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Driving home a few nights ago I came horrifyingly close to hitting three young skunks that were cavorting in the middle of the road. I hit the brakes so hard my kids said their seatbelts locked.

The whole time I was screeching to a halt I was clenching all my muscles and whispering “no no no no no don’t freak out it’s OK shh shh shh” like a lunatic because I didn’t want to startle the skunks by making any loud noises or sudden movements. Never mind that I was lurching towards them in an enormous, roaring vehicle.

It’s weird what makes sense when you’re under pressure. All three skunks gamboled off into the bushes, unharmed, and, thankfully, unbothered.

My car still smells like teen boy. This may have seemed like a problem in the past but is suddenly just fine with me. Tender mercies; it was a close call.

I was still recovering from trying to speak soothingly to skunks when I attended a workshop with my oldest son called “Navigating Divisive Conversations.” It was sponsored by the Logan and Utah State University Interfaith Initiatives, along with the First Presbyterian Church in Logan. The brilliant folks from The Church Lab, based in Austin, Texas, led the presentation and shared strategies for being genuinely kind and loving, even when you find yourself in a dialog with someone who strongly disagrees with you.

I learned a lot, but mostly humility. Often, in any kind of communication skills class, the result is people who are better-equipped to argue and articulate their hostility. While we might say we don’t want to argue, highly-trained communicators often have the sharpest knives in any kind of tense discussion. I admit my own communication knives are plenty sharp — and I’m not bragging.

Setting aside any agenda of “winning” a conversation is a vital part of actually connecting with people despite differences. Ollie Jarvis, the co-pastor of The Church Lab, emphasized the importance of listening to others with an attitude of sincere curiosity. When we are interested in discovering more about others’ perspectives, we allow ourselves a chance to get some basic education about where they’re coming from, and can then see nuance and build bridges to improve relationships.

None of these good things can happen if we treat every encounter like our personal TED Talk, critiquing and instructing others on how they ought to be living and the worldview they ought to hold. This is why any kind of evangelizing is prohibited in group discussions sponsored by The Church Lab. If you believe you have The Only Way and are intent on sharing it, you are not in the right frame of mind to understand others’ perspectives, which may be equally thoughtful and dearly held.

This willingness to listen and be curious applies to any encounter, we learned, whether religious or secular.

But here’s where I got a double-dose of humility. There were people at this workshop who were already genuine masters of gentle, effective communication: teachers, pastors, advocates for marginalized folks who fervently work for change in the name of God. And they were there to learn, too, not because they don’t know how to navigate divisive discussions, but because they want to be able to do it from the very best place in their hearts. They want their loving, effective communication to be more than performing a series of well-honed skills; they want to actually and sincerely love people they know they’ll never agree with.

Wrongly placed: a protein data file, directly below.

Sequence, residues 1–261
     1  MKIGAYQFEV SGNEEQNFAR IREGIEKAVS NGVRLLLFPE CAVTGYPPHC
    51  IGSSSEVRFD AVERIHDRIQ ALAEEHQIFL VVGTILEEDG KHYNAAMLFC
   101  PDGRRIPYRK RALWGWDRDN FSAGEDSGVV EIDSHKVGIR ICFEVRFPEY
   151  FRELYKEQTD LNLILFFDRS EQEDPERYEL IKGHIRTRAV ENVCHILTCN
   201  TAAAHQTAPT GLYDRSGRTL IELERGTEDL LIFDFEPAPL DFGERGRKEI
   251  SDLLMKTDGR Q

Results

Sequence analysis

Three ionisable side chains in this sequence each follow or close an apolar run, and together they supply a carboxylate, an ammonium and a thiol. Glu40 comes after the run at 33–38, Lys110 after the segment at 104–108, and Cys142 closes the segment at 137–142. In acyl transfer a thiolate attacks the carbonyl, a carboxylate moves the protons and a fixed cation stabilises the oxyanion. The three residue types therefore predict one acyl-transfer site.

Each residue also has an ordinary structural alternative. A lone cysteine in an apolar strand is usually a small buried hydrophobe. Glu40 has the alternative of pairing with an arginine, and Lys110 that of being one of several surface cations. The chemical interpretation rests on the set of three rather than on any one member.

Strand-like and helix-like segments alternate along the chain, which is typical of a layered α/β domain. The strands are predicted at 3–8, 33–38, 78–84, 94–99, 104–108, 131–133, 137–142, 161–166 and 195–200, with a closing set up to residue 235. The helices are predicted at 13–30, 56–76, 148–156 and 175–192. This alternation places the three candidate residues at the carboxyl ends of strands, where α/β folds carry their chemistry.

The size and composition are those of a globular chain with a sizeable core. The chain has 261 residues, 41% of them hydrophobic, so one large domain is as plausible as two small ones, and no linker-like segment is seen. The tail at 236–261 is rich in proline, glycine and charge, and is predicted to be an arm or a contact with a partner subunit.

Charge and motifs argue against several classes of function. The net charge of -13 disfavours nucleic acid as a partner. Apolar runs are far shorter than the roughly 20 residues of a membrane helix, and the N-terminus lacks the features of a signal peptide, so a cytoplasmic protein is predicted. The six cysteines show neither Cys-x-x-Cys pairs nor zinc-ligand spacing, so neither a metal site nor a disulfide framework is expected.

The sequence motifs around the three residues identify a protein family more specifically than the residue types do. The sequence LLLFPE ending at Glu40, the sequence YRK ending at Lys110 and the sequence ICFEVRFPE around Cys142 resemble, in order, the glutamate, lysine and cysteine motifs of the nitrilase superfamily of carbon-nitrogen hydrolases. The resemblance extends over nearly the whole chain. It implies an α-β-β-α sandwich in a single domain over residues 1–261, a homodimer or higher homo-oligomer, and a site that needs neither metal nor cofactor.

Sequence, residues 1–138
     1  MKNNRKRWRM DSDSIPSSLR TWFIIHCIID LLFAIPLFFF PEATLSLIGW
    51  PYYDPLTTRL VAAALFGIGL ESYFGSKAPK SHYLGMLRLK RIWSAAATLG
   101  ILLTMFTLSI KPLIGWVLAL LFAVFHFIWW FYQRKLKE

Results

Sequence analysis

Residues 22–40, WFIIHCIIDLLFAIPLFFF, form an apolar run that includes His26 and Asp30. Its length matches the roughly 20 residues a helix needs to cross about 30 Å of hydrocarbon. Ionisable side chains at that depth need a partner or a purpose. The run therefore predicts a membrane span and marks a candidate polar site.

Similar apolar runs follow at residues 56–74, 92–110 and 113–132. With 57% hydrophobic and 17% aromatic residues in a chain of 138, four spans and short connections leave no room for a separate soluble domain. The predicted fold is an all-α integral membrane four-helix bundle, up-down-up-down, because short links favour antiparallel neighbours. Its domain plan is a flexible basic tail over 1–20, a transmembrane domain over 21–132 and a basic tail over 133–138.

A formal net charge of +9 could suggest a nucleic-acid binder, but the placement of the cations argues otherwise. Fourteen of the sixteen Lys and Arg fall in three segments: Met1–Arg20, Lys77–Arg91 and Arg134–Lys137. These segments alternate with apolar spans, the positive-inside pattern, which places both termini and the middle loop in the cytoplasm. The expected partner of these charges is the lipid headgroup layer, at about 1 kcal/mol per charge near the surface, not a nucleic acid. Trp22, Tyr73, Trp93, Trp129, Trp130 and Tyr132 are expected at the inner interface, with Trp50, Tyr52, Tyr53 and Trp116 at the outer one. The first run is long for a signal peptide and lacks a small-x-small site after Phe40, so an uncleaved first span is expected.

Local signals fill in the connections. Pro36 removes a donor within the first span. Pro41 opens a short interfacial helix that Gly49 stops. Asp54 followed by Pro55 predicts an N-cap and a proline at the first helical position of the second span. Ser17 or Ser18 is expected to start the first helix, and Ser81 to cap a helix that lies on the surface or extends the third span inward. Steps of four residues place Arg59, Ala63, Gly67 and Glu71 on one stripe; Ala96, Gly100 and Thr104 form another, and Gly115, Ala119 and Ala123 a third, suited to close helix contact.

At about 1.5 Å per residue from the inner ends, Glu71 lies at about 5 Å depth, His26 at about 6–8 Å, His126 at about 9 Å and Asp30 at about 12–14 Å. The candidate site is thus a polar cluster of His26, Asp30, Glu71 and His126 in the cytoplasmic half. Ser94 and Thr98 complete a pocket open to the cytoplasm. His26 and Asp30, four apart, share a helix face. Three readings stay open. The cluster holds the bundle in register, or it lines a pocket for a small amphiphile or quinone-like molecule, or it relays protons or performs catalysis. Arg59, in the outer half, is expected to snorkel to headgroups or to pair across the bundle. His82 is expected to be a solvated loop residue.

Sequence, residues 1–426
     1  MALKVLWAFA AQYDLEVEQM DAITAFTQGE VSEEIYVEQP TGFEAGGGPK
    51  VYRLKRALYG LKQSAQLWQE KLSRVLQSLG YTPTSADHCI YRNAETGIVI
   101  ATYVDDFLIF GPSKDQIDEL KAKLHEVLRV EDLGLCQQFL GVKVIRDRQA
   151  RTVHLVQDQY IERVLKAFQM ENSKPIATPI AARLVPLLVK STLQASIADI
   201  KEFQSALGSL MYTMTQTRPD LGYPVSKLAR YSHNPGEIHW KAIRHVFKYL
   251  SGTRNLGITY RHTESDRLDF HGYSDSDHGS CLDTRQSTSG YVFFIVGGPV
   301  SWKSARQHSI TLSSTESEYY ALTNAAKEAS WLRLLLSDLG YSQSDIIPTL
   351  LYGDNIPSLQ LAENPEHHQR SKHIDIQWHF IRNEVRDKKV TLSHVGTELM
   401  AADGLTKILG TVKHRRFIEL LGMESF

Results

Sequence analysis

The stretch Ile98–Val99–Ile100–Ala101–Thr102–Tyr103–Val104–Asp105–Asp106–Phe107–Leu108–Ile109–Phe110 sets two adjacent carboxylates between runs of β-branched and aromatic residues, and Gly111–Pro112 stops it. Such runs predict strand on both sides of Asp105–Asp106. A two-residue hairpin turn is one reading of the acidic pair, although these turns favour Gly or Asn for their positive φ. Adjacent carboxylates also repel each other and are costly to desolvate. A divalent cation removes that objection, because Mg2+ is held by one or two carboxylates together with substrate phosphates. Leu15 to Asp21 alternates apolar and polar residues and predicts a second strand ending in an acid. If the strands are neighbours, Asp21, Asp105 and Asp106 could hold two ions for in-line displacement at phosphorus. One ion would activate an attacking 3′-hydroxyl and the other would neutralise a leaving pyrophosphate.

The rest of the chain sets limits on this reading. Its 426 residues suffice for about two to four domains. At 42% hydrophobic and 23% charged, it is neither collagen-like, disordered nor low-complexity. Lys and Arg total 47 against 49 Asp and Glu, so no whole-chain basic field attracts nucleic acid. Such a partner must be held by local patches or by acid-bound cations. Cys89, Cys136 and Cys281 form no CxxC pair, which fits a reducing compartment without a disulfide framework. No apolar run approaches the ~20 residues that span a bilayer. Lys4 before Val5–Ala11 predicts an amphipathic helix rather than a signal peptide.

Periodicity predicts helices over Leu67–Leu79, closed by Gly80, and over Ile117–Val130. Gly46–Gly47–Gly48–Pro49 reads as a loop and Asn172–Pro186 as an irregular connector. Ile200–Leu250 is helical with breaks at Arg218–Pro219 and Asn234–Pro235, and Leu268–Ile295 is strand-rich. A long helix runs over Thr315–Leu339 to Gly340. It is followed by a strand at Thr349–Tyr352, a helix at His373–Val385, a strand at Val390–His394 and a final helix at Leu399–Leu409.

When I looked inward, I realized these were far more noble goals than my own. I had merely wanted to learn to maintain my composure while still feeling self-righteous disdain for others.

But that is not Christ’s way, the more humble participants reminded me.

Perhaps better behavior can inspire us to improve our attitudes, but making our hearts soft and receptive to the Savior’s gentle view of everyone is an ongoing, internal work.

While my son and I attended this workshop mostly with general self-improvement in mind, several participants had very specific goals, many focused on potentially stressful family gatherings during the upcoming holidays.

One young woman at my table was planning to introduce her girlfriend to her conservative, religious family at Thanksgiving dinner. That she dates women would not be a surprise, but this would be the first time she brought someone home to meet her parents.

She said values her relationship with her parents and extended family. She is hoping they can see for themselves what a terrific person her girlfriend is and how happy they are together.

As she was telling the people in our small breakout group about how much she wants the holiday season to go smoothly, I felt how worried she is. My mother heart was squeezed, hard. If my own child were so anxious about introducing me to a positive aspect of his life because he thought I would reject it — and maybe even reject him — to the point that he was literally attending a seminar to learn how to build a relationship with me despite differences, well, I’d be crushed. I resolved to communicate my unconditional love for my children more enthusiastically.

I don’t know her parents, but I wish I did. I wonder if they know how much they mean to their daughter. I wonder if all of us, in one way or another, are like this thoughtful woman or her parents, hoping for good things but feeling conflicted, obligated to hold back, somehow, perhaps more than we should.

And maybe we’re all a little like those ridiculous skunks, playing in the road, oblivious to the danger we’re in and the devastation we might cause.

Pick your metaphor; the result is the same. If we want to magnify our gratitude for all the good things in our lives, we must look inward and then love outward, more deeply, more sincerely, with no holding back.

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